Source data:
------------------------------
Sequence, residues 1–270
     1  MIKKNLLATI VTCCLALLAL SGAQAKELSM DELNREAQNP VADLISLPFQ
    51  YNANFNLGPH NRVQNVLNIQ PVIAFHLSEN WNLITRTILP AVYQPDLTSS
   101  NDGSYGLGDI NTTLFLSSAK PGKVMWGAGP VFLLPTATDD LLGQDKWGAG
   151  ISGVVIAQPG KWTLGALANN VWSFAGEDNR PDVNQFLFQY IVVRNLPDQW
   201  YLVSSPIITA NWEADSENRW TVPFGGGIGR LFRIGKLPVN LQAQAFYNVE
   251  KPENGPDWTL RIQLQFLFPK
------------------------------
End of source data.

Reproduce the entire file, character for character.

Sequence, residues 1–270
     1  MIKKNLLATI VTCCLALLAL SGAQAKELSM DELNREAQNP VADLISLPFQ
    51  YNANFNLGPH NRVQNVLNIQ PVIAFHLSEN WNLITRTILP AVYQPDLTSS
   101  NDGSYGLGDI NTTLFLSSAK PGKVMWGAGP VFLLPTATDD LLGQDKWGAG
   151  ISGVVIAQPG KWTLGALANN VWSFAGEDNR PDVNQFLFQY IVVRNLPDQW
   201  YLVSSPIITA NWEADSENRW TVPFGGGIGR LFRIGKLPVN LQAQAFYNVE
   251  KPENGPDWTL RIQLQFLFPK